Basic Grammatical Categories of the Verb
1.Non-finite verb forms – the verb is a part of the predicate and it shows the action that the subject is doing. There are some forms however that look like verbs but they are not. Such forms are the infinitive, the participle and the gerund. Forms like these do not show an action and do not have tense.
*The infinitive is the basic form of the verb and can easily be recognized by the conjunction „to“ before it. The functions of the infinitive include:
-subject: To confess immediately would be best.
-adverbial modifier: We drank wine to relieve the boredom.
-a modifier of nouns: The conference to be attended is of great importance.
*Participles – there are two types of participles: the -ing participle (running, playing, cheating) and the -ed participle(smoked, cooked, wrapped).It can function as:
-adjective: playing children, roasted marshmallows
-a modifier of verbs: The children came running.
*Gerund – the gerund resembles the participle because it too ends in -ing but it is a noun and can serve either as a subject or an object in the sentence. Running is a very healthy habit . My brother hates skiing.
2.The Category of Transitivity/Intransitivity – verbs which require an object are called transitive (My son made a cake; I recommend the fish) and those which do not require an object are called intransitive(Susan smiled. He laughed.) Some verbs can be both transitive and intransitive: John smokes. vs John smokes cigars.
2.1. Types of transitive verbs.
a)monotransitive – The Subject is an agent and the Object an affected entity:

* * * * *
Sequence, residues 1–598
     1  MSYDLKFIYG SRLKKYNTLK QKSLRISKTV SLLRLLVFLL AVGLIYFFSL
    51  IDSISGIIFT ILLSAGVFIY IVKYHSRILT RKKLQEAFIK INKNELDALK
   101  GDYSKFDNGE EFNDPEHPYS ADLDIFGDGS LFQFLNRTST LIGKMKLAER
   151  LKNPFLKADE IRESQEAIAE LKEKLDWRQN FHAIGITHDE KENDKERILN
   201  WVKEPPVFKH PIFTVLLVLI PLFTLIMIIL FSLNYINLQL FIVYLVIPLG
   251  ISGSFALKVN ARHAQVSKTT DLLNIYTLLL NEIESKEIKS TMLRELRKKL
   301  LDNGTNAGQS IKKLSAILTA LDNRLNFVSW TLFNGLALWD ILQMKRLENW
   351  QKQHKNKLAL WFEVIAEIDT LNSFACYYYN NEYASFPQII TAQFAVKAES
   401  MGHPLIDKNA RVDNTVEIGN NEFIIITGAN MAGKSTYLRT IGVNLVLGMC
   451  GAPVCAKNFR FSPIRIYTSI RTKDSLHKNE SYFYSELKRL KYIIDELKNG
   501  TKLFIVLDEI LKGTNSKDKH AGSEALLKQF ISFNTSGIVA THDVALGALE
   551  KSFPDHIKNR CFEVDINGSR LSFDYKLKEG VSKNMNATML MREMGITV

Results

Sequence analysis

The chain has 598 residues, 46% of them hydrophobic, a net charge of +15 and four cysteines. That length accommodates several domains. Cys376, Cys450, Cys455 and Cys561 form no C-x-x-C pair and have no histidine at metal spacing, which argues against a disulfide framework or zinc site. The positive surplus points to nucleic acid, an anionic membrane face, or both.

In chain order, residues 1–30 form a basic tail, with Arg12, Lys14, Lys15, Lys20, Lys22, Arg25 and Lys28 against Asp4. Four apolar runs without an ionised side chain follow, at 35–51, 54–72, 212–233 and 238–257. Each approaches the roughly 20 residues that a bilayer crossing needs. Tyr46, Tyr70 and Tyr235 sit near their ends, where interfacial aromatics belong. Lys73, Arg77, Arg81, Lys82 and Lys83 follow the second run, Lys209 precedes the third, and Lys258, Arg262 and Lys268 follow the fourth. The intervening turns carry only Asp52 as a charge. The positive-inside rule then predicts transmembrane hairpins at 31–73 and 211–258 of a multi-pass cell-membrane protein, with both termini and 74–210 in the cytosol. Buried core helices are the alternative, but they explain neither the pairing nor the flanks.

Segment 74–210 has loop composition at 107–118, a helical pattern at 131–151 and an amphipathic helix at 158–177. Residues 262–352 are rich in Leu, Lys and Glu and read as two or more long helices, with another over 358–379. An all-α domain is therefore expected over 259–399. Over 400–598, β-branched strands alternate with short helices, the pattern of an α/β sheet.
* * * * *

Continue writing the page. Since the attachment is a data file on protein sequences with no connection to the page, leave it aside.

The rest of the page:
The dog bit the little boy.
b)ditransitive – here the Indirect Object represents the recipient:
He gave her a rose. He gave the door a kick.
c)complex transitive – When the Direct Object is granted a quality or property:
They considered him a fool. They made him a lieutenant.
3.The category of voice – in English there are two categories of voice – active and passive. When the subject is the performer of the action in a sentence the voice is active:
Tom shot the tiger. I broke the vase.
Reversely, if the subject in the sentence is the recipient of the action, or, in other words, the subject is the one acted upon, the voice is passive:
The tiger was shot by Tom. The vase was broken by me.
3.1. Types of Passive – since there are three types of Object (direct, indirect, prepositional), accordingly there are three types of passive voice – primary, secondary, tertiary.
a)primary passive – the function of the subject is performed by the Direct Object in the corresponding active voice structure:
We built our house 3 years ago. –> Our house was built 3 years ago.
b)secondary passive – the subject function is performed by the Indirect Object in the corresponding active voice structure:
My friend showed me some beautiful flowers. –> I was shown some beautiful flowers by my friend.
c)tertiary passive – the subject function is performed by the Prepositional Object in the corresponding active voice structure:
The doctor took good care of my dog. –> My dog was taken good care of.
4. Modality – if a writer wishes to indicate a degree of certainty or to influence the reader in various ways he would use a Modal verb.
Modal verbs that express an absolute certainty are: will, won’t, shall, shan’t, must, can’t. Those that express possibility are may, might, could.
A strong obligation is expressed by must, have to, need to.
A weak obligation is expressed by should and ought to.
No obligation: needn’t, don’t need to, don’t have to.
Permission: can, may, could, might.
No permission: can’t, may not, must not.
Request: will, would, could.
Ability: can, could.